Dissonant Child: Grassroots Interfaith in a Multicultural Canada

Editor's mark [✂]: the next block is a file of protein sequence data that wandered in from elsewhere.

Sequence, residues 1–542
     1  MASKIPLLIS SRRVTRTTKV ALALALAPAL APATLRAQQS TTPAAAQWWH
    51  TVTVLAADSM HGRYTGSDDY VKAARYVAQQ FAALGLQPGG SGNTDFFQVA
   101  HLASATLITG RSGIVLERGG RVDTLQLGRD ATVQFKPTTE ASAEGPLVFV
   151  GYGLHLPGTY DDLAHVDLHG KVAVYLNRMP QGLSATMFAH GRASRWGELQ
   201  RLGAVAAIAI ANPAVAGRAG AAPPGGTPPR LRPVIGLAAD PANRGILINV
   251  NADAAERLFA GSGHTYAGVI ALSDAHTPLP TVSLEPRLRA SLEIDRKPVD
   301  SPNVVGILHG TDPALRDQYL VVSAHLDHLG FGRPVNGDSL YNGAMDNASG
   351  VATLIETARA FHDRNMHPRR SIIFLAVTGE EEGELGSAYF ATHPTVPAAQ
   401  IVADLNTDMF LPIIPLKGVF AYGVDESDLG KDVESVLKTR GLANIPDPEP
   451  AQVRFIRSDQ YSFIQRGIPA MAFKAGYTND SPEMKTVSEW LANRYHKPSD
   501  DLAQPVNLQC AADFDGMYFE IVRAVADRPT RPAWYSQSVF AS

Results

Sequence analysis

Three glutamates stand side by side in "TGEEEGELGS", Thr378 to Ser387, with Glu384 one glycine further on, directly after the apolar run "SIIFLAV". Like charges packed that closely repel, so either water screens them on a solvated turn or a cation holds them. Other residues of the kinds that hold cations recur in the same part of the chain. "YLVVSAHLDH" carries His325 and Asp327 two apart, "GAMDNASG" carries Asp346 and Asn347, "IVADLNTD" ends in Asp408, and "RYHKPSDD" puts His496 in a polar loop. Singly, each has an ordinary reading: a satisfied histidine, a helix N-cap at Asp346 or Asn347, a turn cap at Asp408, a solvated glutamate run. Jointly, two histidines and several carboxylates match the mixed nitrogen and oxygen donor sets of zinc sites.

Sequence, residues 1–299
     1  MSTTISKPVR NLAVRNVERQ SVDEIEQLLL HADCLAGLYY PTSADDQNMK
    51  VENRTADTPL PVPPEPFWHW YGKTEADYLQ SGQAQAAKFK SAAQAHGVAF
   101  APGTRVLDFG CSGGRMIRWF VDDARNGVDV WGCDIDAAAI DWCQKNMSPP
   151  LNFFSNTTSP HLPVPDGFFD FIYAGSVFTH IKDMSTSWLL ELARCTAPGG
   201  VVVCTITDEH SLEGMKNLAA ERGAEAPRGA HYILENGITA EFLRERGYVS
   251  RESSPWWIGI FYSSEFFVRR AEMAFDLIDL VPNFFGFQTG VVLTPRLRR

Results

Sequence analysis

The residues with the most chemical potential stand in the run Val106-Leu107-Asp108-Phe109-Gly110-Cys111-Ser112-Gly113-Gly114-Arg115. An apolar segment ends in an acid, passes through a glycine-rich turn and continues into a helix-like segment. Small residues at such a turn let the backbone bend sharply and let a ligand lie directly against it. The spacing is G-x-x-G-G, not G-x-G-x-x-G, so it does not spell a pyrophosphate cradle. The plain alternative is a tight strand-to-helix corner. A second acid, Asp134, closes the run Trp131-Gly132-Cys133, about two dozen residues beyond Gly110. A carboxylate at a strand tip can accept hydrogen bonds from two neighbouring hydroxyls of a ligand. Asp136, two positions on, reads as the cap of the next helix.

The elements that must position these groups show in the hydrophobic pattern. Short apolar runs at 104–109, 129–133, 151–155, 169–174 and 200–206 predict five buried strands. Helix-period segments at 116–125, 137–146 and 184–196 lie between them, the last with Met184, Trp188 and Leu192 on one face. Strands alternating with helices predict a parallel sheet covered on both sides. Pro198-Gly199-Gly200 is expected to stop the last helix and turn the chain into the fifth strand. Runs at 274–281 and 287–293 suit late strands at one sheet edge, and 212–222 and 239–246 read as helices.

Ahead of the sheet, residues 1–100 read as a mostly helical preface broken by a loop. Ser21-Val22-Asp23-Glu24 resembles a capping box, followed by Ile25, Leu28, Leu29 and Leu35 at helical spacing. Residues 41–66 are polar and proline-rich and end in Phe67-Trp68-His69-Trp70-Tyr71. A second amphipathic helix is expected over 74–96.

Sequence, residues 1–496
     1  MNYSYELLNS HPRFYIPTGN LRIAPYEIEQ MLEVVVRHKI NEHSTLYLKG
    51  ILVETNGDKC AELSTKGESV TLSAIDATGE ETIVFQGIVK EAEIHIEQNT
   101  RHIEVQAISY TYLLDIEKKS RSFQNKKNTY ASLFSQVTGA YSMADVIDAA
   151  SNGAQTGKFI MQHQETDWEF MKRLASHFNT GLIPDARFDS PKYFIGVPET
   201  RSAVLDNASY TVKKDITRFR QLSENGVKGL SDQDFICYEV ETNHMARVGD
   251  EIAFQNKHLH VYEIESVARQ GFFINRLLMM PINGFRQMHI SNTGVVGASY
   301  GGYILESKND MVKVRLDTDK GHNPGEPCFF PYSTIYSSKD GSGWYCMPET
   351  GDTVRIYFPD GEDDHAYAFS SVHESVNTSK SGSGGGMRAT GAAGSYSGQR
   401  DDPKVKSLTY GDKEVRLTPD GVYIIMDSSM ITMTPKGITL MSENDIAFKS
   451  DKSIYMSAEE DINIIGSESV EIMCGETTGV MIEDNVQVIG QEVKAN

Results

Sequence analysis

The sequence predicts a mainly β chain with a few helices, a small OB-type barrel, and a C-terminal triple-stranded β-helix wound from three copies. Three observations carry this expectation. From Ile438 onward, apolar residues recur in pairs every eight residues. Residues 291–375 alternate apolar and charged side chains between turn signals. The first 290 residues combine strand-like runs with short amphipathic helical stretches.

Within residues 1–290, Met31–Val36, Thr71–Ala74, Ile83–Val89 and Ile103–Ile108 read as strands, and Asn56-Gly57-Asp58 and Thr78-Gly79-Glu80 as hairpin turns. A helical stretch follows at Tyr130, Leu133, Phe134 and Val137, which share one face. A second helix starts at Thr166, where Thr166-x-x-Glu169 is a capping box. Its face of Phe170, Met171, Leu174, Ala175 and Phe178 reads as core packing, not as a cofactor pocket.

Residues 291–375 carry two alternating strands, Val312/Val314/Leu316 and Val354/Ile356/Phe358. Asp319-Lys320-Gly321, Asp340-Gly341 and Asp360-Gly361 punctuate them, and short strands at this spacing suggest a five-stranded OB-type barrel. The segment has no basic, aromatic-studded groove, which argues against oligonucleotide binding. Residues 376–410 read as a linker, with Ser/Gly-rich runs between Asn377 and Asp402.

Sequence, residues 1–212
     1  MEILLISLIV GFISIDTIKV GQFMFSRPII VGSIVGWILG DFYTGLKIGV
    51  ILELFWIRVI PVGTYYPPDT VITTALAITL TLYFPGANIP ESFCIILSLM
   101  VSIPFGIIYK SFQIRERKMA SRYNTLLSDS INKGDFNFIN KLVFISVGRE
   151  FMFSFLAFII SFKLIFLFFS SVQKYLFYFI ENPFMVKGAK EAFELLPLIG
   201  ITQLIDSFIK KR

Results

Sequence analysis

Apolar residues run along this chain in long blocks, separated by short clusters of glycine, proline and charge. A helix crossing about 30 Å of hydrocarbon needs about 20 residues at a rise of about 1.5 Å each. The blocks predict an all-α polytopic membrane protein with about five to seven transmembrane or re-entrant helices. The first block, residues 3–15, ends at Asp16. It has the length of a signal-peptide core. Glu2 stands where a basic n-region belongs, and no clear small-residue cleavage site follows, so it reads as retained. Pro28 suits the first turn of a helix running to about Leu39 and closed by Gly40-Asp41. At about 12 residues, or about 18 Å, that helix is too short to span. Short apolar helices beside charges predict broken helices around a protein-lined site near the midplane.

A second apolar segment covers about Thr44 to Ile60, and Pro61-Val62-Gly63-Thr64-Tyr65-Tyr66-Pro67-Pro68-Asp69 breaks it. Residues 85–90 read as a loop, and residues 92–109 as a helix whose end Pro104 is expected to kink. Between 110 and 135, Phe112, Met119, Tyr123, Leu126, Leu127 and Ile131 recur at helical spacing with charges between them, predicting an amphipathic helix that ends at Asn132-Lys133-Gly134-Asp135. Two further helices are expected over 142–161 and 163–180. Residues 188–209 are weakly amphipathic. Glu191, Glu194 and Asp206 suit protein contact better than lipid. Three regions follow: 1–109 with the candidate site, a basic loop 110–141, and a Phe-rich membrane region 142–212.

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While Canada's increasing ethnic and racial diversity have received a great deal of attention in recent years, the pluralization of its religious makeup has been largely ignored. As a result, political and societal responses to religious diversity have been mixed. This study highlights one response to religious difference at the community level. Using qualitative research methods I highlight the ways in which Interfaith Grand River, a group of religiously diverse individuals in Kitchener-Waterloo Ontario, "build bridges" between local religious groups and the larger K-W community. I use the theories of Charles Taylor and Jurgen Habermas, among others, to locate IGR's dialogue-centred approach within larger discussions about the importance of recognizing religion and religious difference in the public sphere. I argue that interfaith practices are a "dissonant child" of multicultural policies, sharing an emphasis on inclusion while critiquing multiculturalism' blindness to religious issues. From this, I argue that faith-based diversity needs to be addressed not only in national policies, but also in communities through individual relationship building and dialogue.